Many project managers do a great job of identifying risks. Some even evaluate risks and develop response plans. However, project managers get busy as their projects progress and fail to monitor their risks, resulting in challenged or failed projects. Here are some key factors that you should know about monitoring project risks (previously referred to as controlling risks in the PMBOK 5th Edition).
I've heard countless debates about whether project manager can control risks. First of all, what does it mean to control something? Here's the Merriam-Webster dictionary defines control as:
Can project managers really control project risks? Feels more like herding cats, doesn't it?
So, why do people push back on controlling risks? These individuals take the term control literally. They argue, "no one has absolute control over projects."
I'm not sure, but I think these issues resulted in the changes in the Project Management Body of Knowledge (PMBOK). The authors of the 6th Edition changed the Control Risks process to Monitor Risks.
The 5th Edition included the process called Control Risks which was defined as "The process of implementing risk response plans, tracking identified risks, monitoring residual risks, identifying new risks, and evaluating risk process effectiveness throughout the project."
The authors of the 6th Edition changed the Control Risks process to Monitor Risks. "Monitor Risks is the process of monitoring the implementation of agreed-upon risk response plans, tracking identified risks, identifying and analyzing new risks, and evaluating risk process effectiveness throughout the project."
Let's move beyond the debates and talk about monitoring project risks and getting results.
For each risk or set of risks, a response should be planned. Risk owners or their assigned risk action owners execute the plans. Some risks merit immediate responses; contingent risks are responded to when trigger conditions are met. For example, if a supplier fails to meet a deadline, the supplies are ordered from another vendor.
Jim, the project manager of a key strategic project, has monitored the residual risk -- the amount of risk remaining -- for his most significant risks. One of the key risks had a 60% probability of occurring with a $22,000 impact on a $100,000 project. The risk owner took actions that decreased the residual risks -- the probability dropped to 20% with an impact of $4,000.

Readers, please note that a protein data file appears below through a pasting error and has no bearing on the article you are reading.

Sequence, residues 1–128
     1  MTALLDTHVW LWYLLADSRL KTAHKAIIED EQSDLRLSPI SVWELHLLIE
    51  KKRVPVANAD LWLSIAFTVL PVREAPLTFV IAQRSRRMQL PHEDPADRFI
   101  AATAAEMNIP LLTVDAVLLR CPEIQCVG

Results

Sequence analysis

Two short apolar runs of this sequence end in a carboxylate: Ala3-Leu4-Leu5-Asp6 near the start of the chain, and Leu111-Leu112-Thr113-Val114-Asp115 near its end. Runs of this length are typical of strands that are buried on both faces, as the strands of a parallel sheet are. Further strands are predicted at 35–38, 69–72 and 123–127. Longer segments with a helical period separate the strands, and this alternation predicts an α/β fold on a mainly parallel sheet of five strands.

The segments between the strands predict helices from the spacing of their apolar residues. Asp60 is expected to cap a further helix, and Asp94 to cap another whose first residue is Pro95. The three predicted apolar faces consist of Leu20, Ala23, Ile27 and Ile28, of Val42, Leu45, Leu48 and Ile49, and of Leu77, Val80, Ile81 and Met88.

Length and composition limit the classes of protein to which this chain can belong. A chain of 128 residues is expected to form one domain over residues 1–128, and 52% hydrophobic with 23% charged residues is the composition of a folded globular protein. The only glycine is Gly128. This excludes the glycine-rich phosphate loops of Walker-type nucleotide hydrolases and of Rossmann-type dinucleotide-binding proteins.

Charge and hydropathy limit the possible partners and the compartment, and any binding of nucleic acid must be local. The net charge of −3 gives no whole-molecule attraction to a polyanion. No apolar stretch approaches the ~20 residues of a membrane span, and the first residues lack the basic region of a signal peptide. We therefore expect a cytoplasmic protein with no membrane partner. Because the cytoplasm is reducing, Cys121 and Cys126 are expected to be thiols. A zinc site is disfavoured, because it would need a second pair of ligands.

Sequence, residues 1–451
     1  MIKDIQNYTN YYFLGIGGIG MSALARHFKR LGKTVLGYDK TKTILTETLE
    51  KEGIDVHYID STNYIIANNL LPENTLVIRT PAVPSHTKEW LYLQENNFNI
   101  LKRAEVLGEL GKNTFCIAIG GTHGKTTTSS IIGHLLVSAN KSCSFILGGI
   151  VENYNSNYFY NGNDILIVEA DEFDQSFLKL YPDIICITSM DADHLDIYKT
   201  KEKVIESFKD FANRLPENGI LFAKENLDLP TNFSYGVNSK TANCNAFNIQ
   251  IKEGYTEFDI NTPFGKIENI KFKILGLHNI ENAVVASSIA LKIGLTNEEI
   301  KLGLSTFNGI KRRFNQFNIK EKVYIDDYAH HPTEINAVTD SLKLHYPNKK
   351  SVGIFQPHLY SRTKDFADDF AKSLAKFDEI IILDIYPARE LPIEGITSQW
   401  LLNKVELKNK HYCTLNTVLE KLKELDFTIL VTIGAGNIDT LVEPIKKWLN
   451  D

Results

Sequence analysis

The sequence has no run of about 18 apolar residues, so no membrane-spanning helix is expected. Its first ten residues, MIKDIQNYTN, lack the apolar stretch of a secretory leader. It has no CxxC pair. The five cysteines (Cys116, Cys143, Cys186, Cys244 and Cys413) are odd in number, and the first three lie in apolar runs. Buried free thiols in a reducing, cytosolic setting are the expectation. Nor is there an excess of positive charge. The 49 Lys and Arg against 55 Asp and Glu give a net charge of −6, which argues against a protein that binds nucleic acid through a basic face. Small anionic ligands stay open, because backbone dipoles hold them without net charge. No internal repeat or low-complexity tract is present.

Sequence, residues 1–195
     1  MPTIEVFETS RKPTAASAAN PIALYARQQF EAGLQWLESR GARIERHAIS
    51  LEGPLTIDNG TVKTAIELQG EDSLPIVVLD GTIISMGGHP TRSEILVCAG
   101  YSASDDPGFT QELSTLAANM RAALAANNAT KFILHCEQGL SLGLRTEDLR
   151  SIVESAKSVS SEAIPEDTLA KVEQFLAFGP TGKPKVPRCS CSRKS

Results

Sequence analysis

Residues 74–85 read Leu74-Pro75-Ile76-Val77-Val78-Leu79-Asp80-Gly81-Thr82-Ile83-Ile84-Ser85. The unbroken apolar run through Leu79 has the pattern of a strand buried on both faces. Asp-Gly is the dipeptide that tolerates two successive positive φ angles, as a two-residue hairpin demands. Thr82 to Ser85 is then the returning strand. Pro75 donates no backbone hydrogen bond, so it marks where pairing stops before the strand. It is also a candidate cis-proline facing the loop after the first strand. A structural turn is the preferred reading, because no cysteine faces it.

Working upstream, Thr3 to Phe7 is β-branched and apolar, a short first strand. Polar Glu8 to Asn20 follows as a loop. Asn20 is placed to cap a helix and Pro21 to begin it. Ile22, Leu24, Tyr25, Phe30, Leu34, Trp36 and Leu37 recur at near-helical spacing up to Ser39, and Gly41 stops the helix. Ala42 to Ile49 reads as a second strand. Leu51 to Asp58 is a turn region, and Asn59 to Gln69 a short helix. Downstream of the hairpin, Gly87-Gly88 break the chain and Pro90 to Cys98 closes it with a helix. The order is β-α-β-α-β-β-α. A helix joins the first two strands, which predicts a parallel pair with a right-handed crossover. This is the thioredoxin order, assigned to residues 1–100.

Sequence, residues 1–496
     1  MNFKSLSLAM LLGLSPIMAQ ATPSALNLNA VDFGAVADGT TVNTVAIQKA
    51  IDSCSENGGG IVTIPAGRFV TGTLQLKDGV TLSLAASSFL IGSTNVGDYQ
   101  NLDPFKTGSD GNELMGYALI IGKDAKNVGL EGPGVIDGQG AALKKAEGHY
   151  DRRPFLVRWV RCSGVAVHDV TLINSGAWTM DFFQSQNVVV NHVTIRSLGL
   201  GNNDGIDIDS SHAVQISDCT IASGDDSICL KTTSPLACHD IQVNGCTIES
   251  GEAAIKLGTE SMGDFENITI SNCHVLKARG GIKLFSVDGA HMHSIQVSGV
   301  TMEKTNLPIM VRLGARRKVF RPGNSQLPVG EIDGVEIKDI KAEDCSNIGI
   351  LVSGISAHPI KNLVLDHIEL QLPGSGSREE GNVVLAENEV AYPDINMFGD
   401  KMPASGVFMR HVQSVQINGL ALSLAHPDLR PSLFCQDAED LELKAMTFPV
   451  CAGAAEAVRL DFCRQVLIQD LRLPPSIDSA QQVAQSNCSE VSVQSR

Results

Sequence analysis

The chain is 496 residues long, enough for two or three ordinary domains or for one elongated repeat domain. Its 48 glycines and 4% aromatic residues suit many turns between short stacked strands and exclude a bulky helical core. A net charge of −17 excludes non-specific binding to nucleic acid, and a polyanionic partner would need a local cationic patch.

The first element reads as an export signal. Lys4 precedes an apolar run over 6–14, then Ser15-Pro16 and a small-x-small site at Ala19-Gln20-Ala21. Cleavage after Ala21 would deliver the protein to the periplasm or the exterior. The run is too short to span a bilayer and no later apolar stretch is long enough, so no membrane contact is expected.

Jim determined that it would be too costly to reduce the risk further; therefore, he asked the risk owner to monitor the risk and to develop a contingency plan. The risk owner reported to Jim once each month on the risk.
Project managers work with the risk owners to evaluate the effectiveness of the responses. Responses are modified as needed.
The project manager uses tools to track the overall project risk. Are the risk response plans ensuring that the project team delivers the project on time, on budget, and in accordance with the requirements?
Trigger conditions are defined when defining risk response plans. Project managers work with the risk owners to determine the trigger conditions and the related metrics. For example, additional resources may be added to an activity if the activity falls behind schedule for two weeks or more.
New risks arise over time. For example, an insurance company was implementing a new policy administration system. A vendor delivered an update while an insurance company was testing major modifications in their interfaces. As the new code was introduced, there was the risk of breaking the interfaces.
Project managers periodically work with their project team to identify new risks. What’s new? What has changed? What have we overlooked?
Project managers should identify new risks for the following events:
So, you’ve implemented the risk management processes:
That’s great! Are the processes of delivering the results you expected efficiently and effectively? Are you spending too much time in certain areas and not enough time in other areas? Seek to reduce the cost of risk management while ensuring that you accomplish your project goals.
Think about your projects. If you compare the degree of variation from your baselines, how are you doing? Would you say your projects are staying within the expected limits? Or perhaps one project is like a car that is swerving all over the road. You wonder if you will ever get home. If so, make the necessary adjustments in monitoring project risks.
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